• 400 likes on Facebook

What's your business model, and how have you grown your revenue?

Our business model is very simple: sell LED Shoes! That's all we sell for the time being, although we'll be exploring other LED products in the future as cross-sell items. We use PayPal and Authorize.net to process all payments. Although our fee is a bit lower with Authorize, I've learned that some of our customers prefer PayPal, so we've included that.

Our sales for March 2017 were just over $10,000. This month is projected to be closer to $20,000. When all expenses are accounted for, I'm left with 20% profit.

Since I've only owned the site for a month myself, instead of doing a monthly breakdown, I can do a weekly breakdown of revenue:

Week Revenue
Mar 8 1578
Mar 15 3371
Mar 22 5285
Mar 29 4870

Our prices have remained the same, so these increases have come from improvements to conversion rates and traffic acquired through our marketing efforts.

What are your goals for the future, and how do you plan to accomplish them?

My main goal is to get first-page ranking on search engines for our main product keywords. The sales from that would be a great addition to the site's current revenue. It would also be a great confidence boost for me to know I could build a brand's SEO from virtually nonexistent to the first page in search results.

Another marketing goal is to increase the visitors and sales from social media marketing. This is still an area that's very new to the site.

I've already mentioned adding other LED products to the site's inventory. That's something I'd like to do once all the marketing channels are optimized and performing well.

As for personal goals, I'd like to get someone in to handle customer support and social media, so I can have time to explore other project ideas.

What are the biggest challenges you've faced?

A big issue has been the supplier. While it's great that they're in the US, they have run out of stock and I've had to find outside suppliers to fulfill those orders. Some advice I'd give is that you are only as good as your supplier. Make sure your supplier is able to handle your orders and handle them well.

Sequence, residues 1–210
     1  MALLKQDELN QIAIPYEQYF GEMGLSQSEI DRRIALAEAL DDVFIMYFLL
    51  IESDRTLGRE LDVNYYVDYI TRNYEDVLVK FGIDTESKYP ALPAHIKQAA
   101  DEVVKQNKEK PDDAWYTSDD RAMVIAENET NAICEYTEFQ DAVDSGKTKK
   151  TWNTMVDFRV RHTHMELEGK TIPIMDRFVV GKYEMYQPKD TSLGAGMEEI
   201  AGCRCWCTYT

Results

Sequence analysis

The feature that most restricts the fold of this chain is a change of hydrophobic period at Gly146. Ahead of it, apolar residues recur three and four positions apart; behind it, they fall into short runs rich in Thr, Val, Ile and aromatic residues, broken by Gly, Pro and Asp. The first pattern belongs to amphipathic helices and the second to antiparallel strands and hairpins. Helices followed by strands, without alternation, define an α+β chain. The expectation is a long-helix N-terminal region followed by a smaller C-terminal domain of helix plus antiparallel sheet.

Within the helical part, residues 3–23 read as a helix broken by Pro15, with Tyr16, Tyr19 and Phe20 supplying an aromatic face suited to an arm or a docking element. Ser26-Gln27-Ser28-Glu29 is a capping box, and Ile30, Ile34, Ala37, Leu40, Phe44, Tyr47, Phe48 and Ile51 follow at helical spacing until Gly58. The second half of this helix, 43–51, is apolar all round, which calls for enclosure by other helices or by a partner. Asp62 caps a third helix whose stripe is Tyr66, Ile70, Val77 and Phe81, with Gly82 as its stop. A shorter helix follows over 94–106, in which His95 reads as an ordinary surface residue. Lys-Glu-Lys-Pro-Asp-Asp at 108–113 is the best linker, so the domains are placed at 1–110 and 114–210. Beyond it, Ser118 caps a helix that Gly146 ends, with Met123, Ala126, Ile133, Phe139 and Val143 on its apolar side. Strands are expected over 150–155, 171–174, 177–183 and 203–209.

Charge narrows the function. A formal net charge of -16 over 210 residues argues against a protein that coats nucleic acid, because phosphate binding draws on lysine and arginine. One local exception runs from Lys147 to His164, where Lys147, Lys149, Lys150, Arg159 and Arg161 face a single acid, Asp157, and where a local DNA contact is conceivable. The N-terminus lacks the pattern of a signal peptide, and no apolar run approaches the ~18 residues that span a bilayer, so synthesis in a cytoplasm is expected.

If I had to start over, I would change the brand of the site. Currently, it's very generic. Your brand plays a huge role in how well your marketing performs.

Has anything particularly helpful to you so far?

Hiring an Adwords consultant was huge. One piece of advice I'd give is to hire experts. Pour the business earnings back into the company itself to hire experts to come in and make improvements.

Another huge advantage today is the availability of freelancers. For example, I got our logo designed on Fiverr, found a PR person on Upwork, and solicited SEO help from Elance. By capitalizing on all these sites for finding freelancers, you can better leverage your time.

What's your advice for indie hackers who are just starting out?

Really do your due diligence before you start or buy a business. When you get started on something, there's a lot of excitement and a tempting belief that the project is going to be easy. But it won't. Starting a business is hard work. Be sure to research and investigate every angle, and really think through what the project is going to take.

Personally, I'm a big Mixergy fan. I love learning from other founders and entrepreneurs, and find you learn the most from interviews. Book-wise, I'd recommend the classic 7 Habits of High Effective People, by Stephen R. Covey, to anyone who hasn't read it.

Where can we go to learn more?

Please reach out to me if you have any questions. I'm happy to help!